ShareThis Page

Anna, Elsa and all their friends return to PPG Paints Arena for Disney on Ice

| Tuesday, Oct. 31, 2017, 9:00 p.m.
Anna and Elsa are the stars of 'Disney on Ice Presents Frozen.'
Feld Entertainment
Anna and Elsa are the stars of 'Disney on Ice Presents Frozen.'
William Ott of York, Pa. will skate the role of Prince Eric in 'Disney on Ice Presents Frozen.'
Feld Entertainment
William Ott of York, Pa. will skate the role of Prince Eric in 'Disney on Ice Presents Frozen.'
Mickey, Minnie, Donald and Goofy are some of the friends that are part of 'Disney on Ice Presents Frozen.'
Feld Entertainment
Mickey, Minnie, Donald and Goofy are some of the friends that are part of 'Disney on Ice Presents Frozen.'
Olaf and friends do a song and dance about his favorite season, 'Summer.'
Feld Entertainment
Olaf and friends do a song and dance about his favorite season, 'Summer.'

By now, everyone is familiar with the story of Anna and Elsa, two royal sisters who put the fictional frosty village of Arendelle on the map in Disney's 2013 megahit animated movie, “Frozen.”

And who — among kids and parents alike — doesn't know by heart every lyric and note of the movie's signature tune, “Let It Go”?

For those who just can't get enough of a good thing when it comes to Disney fairytale romances, Feld Entertainment is bringing back “Disney on Ice Presents Frozen” — with dates well into 2018.

The tour stops at PPG Paints Arena for seven performances Nov. 2 to 5.

The show's main attractions are the characters from the movie: Queen Elsa — whose magical ice powers have trapped the kingdom in an eternal winter — and her sister, Anna, who braves the cold and more to return Elsa to Arendelle with help from Kristoff and his loyal reindeer sidekick, Sven. Silly snowman Olaf helps the troupe in their adventure and melts hearts when he sings about his longing to find out what snowmen do in summer.

The story's message — that true love is the most powerful magic of all — has special meaning for Will Ott of York, who returns to Pittsburgh to skate the role of Prince Eric from Disney's “The Little Mermaid” as one of the “friends” who perform vignettes from other popular Disney fairy tales as part of the production.

Other special appearances will be by additional Disney princesses and stars from “Toy Story,” “Finding Dory” and “The Lion King.”

Skating the role of Eric's mermaid princess Ariel will be Ott's real-life wife, Adriene Ott.

The couple first met at an ice rink in York, where he used to play ice hockey and she practiced figure skating. They both joined the “Disney on Ice” cast in 2014 and have been skating and touring together ever since.

He says they are anxious to return to Pittsburgh, where they were married in a ceremony on the ice at PPG Paints Arena on March 12, 2016, following their Disney on Ice performances.

“We wanted to have our wedding with our tour family, as well as our families and friends,” Will says.”Our first dance together as husband and wife was on the arena ice.”

The couple travels nine to 10 months a year with the ice show, typically performing in a different city each week. Will says they have been to Europe, Japan and Australia, where they have no trouble finding new things to do and new places to visit when they're not performing.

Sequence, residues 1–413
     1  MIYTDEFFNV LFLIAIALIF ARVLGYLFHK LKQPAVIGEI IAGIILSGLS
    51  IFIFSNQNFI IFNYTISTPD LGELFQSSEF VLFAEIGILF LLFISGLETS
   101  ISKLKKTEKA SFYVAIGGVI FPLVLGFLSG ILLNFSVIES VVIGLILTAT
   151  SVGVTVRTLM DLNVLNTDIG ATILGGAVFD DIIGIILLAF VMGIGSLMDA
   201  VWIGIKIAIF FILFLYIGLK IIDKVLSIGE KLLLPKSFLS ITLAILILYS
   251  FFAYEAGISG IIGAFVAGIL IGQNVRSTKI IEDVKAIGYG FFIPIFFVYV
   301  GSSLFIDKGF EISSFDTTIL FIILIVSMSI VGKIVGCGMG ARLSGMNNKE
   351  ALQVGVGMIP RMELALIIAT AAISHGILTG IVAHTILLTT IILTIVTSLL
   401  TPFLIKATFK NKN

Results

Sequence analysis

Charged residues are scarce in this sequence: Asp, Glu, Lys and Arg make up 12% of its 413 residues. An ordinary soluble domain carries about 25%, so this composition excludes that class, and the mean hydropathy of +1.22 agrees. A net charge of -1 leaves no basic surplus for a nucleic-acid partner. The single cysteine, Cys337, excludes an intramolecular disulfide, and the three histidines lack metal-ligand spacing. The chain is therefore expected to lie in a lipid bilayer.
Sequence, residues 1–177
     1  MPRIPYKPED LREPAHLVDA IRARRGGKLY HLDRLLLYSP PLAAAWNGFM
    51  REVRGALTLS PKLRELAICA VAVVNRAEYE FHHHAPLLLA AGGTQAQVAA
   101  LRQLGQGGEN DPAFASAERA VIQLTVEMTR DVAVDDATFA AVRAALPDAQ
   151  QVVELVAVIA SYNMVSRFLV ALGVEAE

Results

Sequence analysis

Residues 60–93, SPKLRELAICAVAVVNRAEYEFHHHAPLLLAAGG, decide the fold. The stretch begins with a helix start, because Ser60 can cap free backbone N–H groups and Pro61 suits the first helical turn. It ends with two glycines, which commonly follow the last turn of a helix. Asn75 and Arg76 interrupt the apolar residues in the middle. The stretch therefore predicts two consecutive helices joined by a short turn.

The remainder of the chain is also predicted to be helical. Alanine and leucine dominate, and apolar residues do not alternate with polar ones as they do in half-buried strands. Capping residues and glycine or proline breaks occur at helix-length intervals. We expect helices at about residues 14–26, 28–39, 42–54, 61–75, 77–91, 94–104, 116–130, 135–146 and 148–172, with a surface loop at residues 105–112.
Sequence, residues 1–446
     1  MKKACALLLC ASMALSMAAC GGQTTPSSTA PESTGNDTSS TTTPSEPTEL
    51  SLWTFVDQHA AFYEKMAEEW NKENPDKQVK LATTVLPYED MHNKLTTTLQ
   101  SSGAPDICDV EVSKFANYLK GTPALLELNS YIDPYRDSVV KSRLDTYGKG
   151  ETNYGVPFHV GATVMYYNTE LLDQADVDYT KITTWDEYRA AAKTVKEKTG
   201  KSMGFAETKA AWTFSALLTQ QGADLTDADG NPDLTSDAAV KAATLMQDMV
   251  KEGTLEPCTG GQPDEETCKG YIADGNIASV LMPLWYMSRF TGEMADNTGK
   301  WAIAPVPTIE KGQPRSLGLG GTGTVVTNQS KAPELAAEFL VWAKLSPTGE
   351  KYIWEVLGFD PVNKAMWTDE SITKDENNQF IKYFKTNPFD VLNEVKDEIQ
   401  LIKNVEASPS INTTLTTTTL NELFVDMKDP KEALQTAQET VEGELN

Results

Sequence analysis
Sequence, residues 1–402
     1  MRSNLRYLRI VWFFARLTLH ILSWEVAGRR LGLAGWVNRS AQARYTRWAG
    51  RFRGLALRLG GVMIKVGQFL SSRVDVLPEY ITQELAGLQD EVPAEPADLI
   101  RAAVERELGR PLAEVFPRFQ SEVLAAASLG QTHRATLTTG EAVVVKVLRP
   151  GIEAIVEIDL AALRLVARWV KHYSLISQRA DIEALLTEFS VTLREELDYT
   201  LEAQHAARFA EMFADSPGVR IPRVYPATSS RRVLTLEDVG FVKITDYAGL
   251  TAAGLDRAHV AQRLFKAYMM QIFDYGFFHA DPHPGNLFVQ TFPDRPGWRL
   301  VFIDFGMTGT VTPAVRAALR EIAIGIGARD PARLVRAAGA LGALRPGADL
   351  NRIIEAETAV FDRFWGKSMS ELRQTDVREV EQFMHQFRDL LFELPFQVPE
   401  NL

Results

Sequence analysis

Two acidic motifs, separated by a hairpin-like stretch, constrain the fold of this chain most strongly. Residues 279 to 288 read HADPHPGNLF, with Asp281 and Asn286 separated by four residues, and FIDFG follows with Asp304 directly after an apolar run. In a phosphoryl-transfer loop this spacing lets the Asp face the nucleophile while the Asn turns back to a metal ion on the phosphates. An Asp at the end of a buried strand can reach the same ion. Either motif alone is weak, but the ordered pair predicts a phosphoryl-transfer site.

“I love to travel,” he says. “When we go home for a month or two, I get so bored.”

Their current tour with Disney on Ice runs until May, when they hope to join a new show in new roles and continue their adventure together.

“They do a South America tour and a South Africa tour. I'd love to do an Eastern European tour,” Will says. “I'd go anywhere.”

Candy Williams is a Tribune-Review contributing writer.

TribLIVE commenting policy

You are solely responsible for your comments and by using TribLive.com you agree to our Terms of Service.

We moderate comments. Our goal is to provide substantive commentary for a general readership. By screening submissions, we provide a space where readers can share intelligent and informed commentary that enhances the quality of our news and information.

While most comments will be posted if they are on-topic and not abusive, moderating decisions are subjective. We will make them as carefully and consistently as we can. Because of the volume of reader comments, we cannot review individual moderation decisions with readers.

We value thoughtful comments representing a range of views that make their point quickly and politely. We make an effort to protect discussions from repeated comments either by the same reader or different readers

We follow the same standards for taste as the daily newspaper. A few things we won't tolerate: personal attacks, obscenity, vulgarity, profanity (including expletives and letters followed by dashes), commercial promotion, impersonations, incoherence, proselytizing and SHOUTING. Don't include URLs to Web sites.

We do not edit comments. They are either approved or deleted. We reserve the right to edit a comment that is quoted or excerpted in an article. In this case, we may fix spelling and punctuation.

We welcome strong opinions and criticism of our work, but we don't want comments to become bogged down with discussions of our policies and we will moderate accordingly.

We appreciate it when readers and people quoted in articles or blog posts point out errors of fact or emphasis and will investigate all assertions. But these suggestions should be sent via e-mail. To avoid distracting other readers, we won't publish comments that suggest a correction. Instead, corrections will be made in a blog post or in an article.